Given the party affiliation of the paper, it is safe to assume that there is an underplaying of Modi’s popularity. Sonia’s surge in the wake of the revelations about the National Herald properties that she and Rahul Gandhi have allegedly grabbed, and the great land grab of her son-in-law Robert Vadra, is simply unbelievable. Viewed in conjunction with the fact that Rahul has been pushed to the fourth spot, it suggests that a desperate Congress is planning to head into the next general elections with Sonia, and not the failed Rahul, as the party’s main mascot, if not PM candidate. Here lies a huge opportunity for the principal opposition party which, perplexingly, still seems determined to make a hash of it and add one more to the score of its many famous self-goals.

There’s another extremely significant finding in the Hindustan Times survey. 55.7% believe coalition leads to more corruption. In fact, but for 31.4% who feel it is more inclusive and 16% with no view (not to be added), a vast number are of the opinion that coalition politics adversely affects decision making one way or another. This exasperation is further confirmed by the finding that while 32% and 28% prefer a Congress and BJP government respectively, only 3.8% and 1.7% want to see a Congress-led UPA and BJP-led NDA. Other smaller parties too stand similarly rejected.

The above findings taken together give a reasonably clear picture of what much of middle class urban India is saying :
  •  Top leaders of Congress are far more popular than central leaders of BJP, Advani included.
  • Modi, a leader with difference, is distinct from his party that started out with that slogan.
  • There is no enthusiasm for a Third Front government.
  • A single-party government is preferred by most.
  • Congress and Modi-less BJP are the choice of despair of an India without an alternative.
  • Modi is the choice of hope of an aspirational India that wants delivery, not doles.
It is worth remembering that despite the monumental failure of BJP’s national leaders to project the party as a clean and clear alternative to a rotting Congress, support for the party is not as abysmal as their own popularity only because there is an expectation that Modi will lead the party into the elections and become PM. If he is sidelined, as some party men have been and are still trying to ensure, and an unpopular leaderless clique become the party’s face, it will most likely be routed, and may find itself in a deep hole with not many more than fifty seats. Congress will then be the unintended beneficiary and will most likely come back to power, though with fewer seats.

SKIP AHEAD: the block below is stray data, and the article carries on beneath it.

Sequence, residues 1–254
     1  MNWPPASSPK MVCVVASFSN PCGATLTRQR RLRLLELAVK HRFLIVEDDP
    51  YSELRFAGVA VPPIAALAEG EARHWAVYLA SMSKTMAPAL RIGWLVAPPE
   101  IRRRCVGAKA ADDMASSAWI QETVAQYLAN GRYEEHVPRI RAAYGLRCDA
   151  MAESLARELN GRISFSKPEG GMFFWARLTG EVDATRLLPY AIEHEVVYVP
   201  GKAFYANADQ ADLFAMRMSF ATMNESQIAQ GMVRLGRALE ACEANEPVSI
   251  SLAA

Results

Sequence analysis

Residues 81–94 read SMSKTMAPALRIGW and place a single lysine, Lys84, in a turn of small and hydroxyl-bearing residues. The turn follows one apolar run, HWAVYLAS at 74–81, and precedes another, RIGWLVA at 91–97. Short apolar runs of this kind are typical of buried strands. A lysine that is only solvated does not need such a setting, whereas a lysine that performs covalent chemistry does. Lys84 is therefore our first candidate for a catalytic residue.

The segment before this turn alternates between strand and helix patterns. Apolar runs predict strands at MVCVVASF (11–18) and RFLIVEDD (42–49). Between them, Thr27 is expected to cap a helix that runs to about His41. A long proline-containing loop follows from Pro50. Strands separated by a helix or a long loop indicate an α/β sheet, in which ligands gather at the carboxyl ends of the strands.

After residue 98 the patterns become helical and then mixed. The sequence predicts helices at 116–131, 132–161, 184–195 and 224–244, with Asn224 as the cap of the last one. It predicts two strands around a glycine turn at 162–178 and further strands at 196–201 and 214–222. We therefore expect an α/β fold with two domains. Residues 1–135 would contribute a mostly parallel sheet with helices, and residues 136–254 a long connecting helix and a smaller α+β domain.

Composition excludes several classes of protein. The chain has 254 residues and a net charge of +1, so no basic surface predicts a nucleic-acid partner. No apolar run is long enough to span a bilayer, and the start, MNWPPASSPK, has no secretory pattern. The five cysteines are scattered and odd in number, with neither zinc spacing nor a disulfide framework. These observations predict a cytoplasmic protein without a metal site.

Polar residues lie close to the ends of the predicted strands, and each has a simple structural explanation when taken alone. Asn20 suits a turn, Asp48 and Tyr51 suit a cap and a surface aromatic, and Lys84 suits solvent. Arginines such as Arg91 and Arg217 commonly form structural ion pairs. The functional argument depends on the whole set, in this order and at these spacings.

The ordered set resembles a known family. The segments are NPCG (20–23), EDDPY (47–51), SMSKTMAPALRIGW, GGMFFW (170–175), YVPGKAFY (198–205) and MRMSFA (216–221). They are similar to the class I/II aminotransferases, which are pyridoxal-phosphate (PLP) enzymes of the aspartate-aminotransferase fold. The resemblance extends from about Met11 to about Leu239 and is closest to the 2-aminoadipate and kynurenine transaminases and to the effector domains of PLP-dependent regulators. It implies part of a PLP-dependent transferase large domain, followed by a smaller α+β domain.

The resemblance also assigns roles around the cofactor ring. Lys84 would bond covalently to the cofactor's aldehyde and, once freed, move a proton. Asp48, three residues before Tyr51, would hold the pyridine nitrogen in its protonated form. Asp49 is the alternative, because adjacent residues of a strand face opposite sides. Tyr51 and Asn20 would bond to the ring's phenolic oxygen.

Tarnished Congress is in no position to win enough support to form a single-party government that people, fed up of coalition politics, want to see. Under the present circumstances, only a Modi-led BJP can realistically take a serious shot at it. A historic opportunity knocks. It needs to be welcomed and embraced. The moment BJP seeks a clear mandate, and, as a consequence, decides to go it alone wherever it has a chance -- beginning with Bihar -- the whole dynamics of the elections will get positively electrified overnight.
Like Delhi 1984, Gujarat 2002 is a huge issue primarily in TV studios and for the cottage industry that have milked Sonia and, in the process, helped Modi emerge unscathed through an agnipariksha that no leader has ever been put through, not even Indira Gandhi after the dark Emergency; Rajiv, of course, was given a Bharat Ratna.

The prejudiced and the purchased will not see it, and they will go on shouting as they have been. But the people, as the surveys show, have silently and closely watched every single step of Chief Minister Narendra Modi, and are seeing the future he will deliver for India through what he already has in Gujarat. They know which button they have to press on the EVM. Will the blind men of BJP let them? Or will we see yet another sordid, debilitating battle between the Bad and the Ugly?